Different cuts of beef and how to cook them

The different cuts of beef you can get…

1. Rib-eye

This cut used to be quite cheap, but is now creeping up in price. It has an open-fibre texture and a marbling of creamy fat. Cook with the surrounding fat still attached, then remove after cooking, says Gordon Ramsey. The fat adds flavour as well as basting the meat during cooking

2. Fillet

This is typically the most expensive cut. It is very lean, succulent and, because it has short fibres, very tender. If you buy from the butchers ensure that the sinewy chain that runs down the side is removed

3. T-bone

Comes on the bone, hence the name. It has a good marbling of fat with a layer of creamy fat on one side – this should be left on for cooking, then removed after, says Gordon Ramsey. Sirloin is on one side of the bone and a fillet on the other, take care when cooking, as he fillet will cook more quickly than the sirloin. There is some marrow in the bone which can be spread on the cooked meat

4. Sirloin

This is typically sold boned and rolled. A prime cut, which is perfect for a classic Sunday roast. Sirloin steak is taken from the same area but is cut into steaks such as ‘T’-bone, Porterhouse and Entrecote. These are prime cuts, which are suitable for grilling, frying, stir-fries and barbecuing

5. Thick Skirt

The ‘butcher’ steak’ because he often took it home. Also know as Onglet or Hanger Steak, it has lots of texture and flavour. It must be cooked very quickly and served rare

6. Oxtail

One of the most, flavoursome and inexpensive cuts of beef. Oxtail is most often sold cut into individual vertebra.  Long and slow braising it will release their excellent rich flavour

7. Featherblade

Also known as Flat Iron, it comes from under the animals shoulder blade. It has a bit of texture and a lot of flavour. It works fairly hard – so it’s best served rare

8. Brisket

Usually sold ‘boned and rolled’, and sometimes salted. This joint is suitable for slow cooking or pot roasting. Brisket is the cut traditionally used for making corned beef; it is also used for lean mince

9. Rump

Although this is a prime cut, it’s often cheaper than fillet or sirloin, because it’s not quite as tender. However many say that it has a far superior flavour than sirloin or fillet. Rump is suitable for quick cooking such as frying, stir-fry, grilling and barbecuing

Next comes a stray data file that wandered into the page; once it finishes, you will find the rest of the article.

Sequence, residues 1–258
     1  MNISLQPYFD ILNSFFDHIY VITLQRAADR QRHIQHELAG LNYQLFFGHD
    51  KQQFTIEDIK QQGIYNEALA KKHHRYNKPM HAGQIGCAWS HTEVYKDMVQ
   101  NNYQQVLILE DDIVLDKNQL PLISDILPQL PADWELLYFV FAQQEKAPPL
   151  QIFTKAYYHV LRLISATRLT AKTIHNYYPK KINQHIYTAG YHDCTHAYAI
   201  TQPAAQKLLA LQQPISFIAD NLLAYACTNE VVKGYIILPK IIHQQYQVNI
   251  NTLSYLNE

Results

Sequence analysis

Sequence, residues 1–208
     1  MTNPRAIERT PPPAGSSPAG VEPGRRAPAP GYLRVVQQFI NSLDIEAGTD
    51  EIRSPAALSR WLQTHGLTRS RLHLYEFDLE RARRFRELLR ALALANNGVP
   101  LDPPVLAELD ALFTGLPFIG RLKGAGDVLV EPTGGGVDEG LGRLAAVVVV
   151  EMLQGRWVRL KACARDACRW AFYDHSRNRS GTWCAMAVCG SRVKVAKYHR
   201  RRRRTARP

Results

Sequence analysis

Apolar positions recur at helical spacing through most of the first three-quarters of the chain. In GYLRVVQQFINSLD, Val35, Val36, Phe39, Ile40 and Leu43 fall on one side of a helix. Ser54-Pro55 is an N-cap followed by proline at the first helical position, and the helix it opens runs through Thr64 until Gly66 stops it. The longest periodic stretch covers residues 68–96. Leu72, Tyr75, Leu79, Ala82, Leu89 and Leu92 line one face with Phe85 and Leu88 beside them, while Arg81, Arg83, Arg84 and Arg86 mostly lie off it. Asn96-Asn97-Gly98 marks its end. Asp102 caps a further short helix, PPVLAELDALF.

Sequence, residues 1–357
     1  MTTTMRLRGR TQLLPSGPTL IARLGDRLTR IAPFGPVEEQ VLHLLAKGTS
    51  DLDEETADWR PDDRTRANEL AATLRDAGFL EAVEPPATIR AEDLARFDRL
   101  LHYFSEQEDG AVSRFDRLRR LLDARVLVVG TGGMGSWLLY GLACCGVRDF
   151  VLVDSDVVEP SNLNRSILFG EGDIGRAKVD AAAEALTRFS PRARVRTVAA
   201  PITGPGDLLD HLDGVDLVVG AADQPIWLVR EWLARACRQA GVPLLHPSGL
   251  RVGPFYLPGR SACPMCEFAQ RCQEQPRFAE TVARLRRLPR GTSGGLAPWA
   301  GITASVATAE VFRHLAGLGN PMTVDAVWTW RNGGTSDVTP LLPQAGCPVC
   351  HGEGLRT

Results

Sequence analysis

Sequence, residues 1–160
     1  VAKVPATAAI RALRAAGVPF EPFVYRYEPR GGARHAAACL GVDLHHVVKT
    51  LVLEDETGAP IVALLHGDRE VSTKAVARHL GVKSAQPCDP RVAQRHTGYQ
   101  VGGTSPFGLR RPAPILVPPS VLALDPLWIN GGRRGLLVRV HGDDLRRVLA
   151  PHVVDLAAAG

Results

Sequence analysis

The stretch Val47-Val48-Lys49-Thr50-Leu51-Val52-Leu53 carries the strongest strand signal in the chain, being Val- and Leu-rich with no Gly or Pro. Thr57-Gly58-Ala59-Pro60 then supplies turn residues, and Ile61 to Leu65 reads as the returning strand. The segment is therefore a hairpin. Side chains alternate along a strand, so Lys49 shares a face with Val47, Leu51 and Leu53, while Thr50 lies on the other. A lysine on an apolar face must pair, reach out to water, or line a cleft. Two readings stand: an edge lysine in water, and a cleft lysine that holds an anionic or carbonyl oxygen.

10. Bavette

It’s part of the Flank and like the thick skirt it has a full, rich flavour and must be cooked very quickly and served rare, and sliced across the grain

11. Minute

Also known as the frying steak, this is quick, versatile and very tasty – the original fast food, it’s perfect in a sandwich but also great in a stir-fry

anatomy of a cow - the adult bible

How to have a steak cooked…

Beef steak can be served in a variety of ways, because it’s a red meat and it doesn’t carry many parasites which can infect us, it can be eaten almost as raw as you like, although it’s never 100% safe. Here is a list of ways you can have a beef steak;

  • Blue (Very rare) – Seared on the outside, completely red throughout. The meat remains gel-like in texture
  • Rare – Seared and still red 75% through the centre
  • Medium rare – Seared with 50% red centre
  • Medium – Seared outside, 25% pink showing inside
  • Medium well done – Done throughout with a very slight hint of where the pink was
  • Well done – 100% brown meat

How to tell how the steak is cooked…

A good way to tell when you’re steak is ready… your cheek is rare, you chin is medium and your forehead is well done.

beef - the adult bible beef - the adult bible

If you’re cooking a chunkier piece of meat for a Sunday (or whatever day you like) roast, check out Jamie Oliver’s ultimate roasting guide here!